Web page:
Cafés, hotels, cinemas, and other cultural venues and businesses in France that were closed due to the Covid-19 pandemic will reopen in stages beginning May 19, according to President Emmanuel Macron.
Museums, theaters, cinemas, and concert halls will reopen on May 19, as will non-essential shops and outdoor seating at cafes and restaurants, according to Macron, who made the announcement to regional Frenchnewspapers.
Cafés and restaurants, on the other hand, would have to wait until June 9 to service customers indoors, he said.
Macronhas set a date for the lifting of an infamous nighttime curfew that has turned French cities into ghost towns after 7:00 p.m.
He said the curfew would be gradually removed, starting on May 19 at 9:00 p.m. and ending on June 9 at 11:00 p.m., before being finally lifted on June 30.
Franceis approaching the end of its third nationwide lockout, which was introduced in an attempt to control a significant third wave of infections.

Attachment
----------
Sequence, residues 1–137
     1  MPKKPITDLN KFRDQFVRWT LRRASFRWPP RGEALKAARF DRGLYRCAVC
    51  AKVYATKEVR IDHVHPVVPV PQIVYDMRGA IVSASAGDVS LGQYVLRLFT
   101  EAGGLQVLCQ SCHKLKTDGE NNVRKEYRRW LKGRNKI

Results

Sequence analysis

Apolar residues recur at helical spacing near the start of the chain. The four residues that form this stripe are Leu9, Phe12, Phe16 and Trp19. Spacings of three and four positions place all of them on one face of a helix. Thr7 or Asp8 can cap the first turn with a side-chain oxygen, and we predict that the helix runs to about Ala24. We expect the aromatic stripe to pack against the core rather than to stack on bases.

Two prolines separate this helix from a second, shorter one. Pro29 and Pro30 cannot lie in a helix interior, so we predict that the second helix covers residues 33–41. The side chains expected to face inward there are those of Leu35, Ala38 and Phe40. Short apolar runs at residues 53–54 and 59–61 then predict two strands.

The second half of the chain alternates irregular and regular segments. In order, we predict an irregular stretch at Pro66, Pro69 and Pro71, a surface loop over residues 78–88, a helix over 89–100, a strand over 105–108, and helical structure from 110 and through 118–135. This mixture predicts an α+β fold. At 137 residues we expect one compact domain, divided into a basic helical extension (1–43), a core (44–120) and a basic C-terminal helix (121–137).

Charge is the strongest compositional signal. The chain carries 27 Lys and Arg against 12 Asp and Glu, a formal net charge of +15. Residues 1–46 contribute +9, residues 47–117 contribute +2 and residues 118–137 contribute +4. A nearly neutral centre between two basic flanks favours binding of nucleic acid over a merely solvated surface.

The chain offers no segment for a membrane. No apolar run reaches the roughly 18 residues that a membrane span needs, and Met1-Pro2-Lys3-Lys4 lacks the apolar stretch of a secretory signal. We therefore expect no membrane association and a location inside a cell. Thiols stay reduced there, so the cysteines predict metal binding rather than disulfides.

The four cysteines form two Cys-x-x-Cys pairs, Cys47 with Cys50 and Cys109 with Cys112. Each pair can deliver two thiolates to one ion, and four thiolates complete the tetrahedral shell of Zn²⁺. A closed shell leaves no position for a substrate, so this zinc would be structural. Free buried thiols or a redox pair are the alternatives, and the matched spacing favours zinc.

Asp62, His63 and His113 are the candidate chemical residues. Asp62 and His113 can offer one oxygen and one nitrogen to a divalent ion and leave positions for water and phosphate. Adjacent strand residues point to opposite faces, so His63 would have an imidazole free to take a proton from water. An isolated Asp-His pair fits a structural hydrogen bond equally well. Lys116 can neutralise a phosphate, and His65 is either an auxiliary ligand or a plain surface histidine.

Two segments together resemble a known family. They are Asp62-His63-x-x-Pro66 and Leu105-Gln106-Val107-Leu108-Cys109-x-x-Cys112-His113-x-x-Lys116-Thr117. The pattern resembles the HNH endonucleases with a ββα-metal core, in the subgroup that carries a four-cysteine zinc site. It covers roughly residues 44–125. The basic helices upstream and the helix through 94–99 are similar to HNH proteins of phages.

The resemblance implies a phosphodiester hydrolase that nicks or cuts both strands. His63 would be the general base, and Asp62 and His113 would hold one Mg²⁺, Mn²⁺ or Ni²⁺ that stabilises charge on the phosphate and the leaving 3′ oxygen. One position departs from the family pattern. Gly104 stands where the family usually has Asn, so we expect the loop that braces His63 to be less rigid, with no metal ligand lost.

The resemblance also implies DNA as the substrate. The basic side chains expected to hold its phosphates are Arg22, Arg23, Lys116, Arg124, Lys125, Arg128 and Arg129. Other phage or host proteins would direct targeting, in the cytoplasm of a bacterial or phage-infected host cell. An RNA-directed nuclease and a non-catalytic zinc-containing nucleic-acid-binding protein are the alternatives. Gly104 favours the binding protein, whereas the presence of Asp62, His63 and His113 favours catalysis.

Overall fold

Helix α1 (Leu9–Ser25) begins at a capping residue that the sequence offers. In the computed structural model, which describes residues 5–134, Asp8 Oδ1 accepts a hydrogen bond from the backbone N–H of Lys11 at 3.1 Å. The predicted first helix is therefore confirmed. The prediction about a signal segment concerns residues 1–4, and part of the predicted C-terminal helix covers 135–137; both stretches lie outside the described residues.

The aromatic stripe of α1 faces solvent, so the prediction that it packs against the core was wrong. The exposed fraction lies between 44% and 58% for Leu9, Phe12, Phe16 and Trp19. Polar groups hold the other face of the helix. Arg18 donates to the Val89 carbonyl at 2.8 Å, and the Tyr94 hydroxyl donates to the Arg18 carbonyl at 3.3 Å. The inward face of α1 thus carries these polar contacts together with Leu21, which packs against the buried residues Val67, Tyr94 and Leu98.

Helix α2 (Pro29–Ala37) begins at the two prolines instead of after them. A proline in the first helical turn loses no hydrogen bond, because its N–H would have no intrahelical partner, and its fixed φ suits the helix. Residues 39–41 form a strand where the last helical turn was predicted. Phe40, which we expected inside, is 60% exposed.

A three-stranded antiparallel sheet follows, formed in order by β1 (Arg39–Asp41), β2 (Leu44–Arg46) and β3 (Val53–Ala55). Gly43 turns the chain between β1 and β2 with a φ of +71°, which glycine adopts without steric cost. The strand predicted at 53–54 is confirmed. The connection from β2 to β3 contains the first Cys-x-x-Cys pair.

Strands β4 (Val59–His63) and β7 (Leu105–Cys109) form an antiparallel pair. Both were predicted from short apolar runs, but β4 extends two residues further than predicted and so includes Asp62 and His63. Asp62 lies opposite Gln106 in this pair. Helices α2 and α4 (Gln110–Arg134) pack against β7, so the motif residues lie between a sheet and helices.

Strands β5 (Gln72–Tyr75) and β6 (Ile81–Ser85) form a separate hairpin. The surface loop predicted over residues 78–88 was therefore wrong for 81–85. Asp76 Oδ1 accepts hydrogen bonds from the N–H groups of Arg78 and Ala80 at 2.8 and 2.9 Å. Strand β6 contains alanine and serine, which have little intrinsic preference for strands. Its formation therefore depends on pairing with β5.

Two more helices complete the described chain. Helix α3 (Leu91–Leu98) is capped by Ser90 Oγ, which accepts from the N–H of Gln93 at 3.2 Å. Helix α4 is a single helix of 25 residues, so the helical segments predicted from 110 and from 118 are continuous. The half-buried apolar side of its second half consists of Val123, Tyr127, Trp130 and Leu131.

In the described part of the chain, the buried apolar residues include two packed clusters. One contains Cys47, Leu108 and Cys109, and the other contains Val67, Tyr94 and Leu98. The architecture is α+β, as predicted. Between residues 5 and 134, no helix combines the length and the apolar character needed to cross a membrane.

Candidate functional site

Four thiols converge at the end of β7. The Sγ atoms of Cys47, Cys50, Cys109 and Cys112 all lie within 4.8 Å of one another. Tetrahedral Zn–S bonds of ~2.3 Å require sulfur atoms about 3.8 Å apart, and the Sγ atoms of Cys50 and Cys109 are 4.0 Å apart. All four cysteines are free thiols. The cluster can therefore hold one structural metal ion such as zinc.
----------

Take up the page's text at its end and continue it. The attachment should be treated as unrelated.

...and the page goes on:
In the last 24 hours, another 324 deaths have been confirmed, taking the total number of people killed by the pandemic to 103,947.
In the last month, the number of new cases registered daily has dropped from around 40,000 to around 27,000 on average over the last week.
After a three-week closure, primary schools reopened on Monday, with secondary schools following suit next week, when travel restrictions across the country will be lifted as well.
The French, on the other hand, were particularly eager to learn when the cafes and museums, which had been closed since October 30, would reopen.
Macron said that it was time to “resume our French-style way of life,” emphasizing the importance of “conviviality,” music, and sport. People must, though, be “careful and accountable,” he pointed out.
In late January, when the caseload was still stubbornly high, the moderate president, who is due to seek re-election next year, faced sharp criticism for refusing demands from medical professionals for a third national lockout.
He only gave up two months later, but the third incarceration cycle was more comfortable than the previous two.
Macron defended his handling of the health situation in an interview with regional newspapers.
“Science educated us, and we made the decision to put the human side first,” he said.
However, several health experts cautioned against removing gathering limits too quickly, worrying that the advances of recent weeks would be reversed.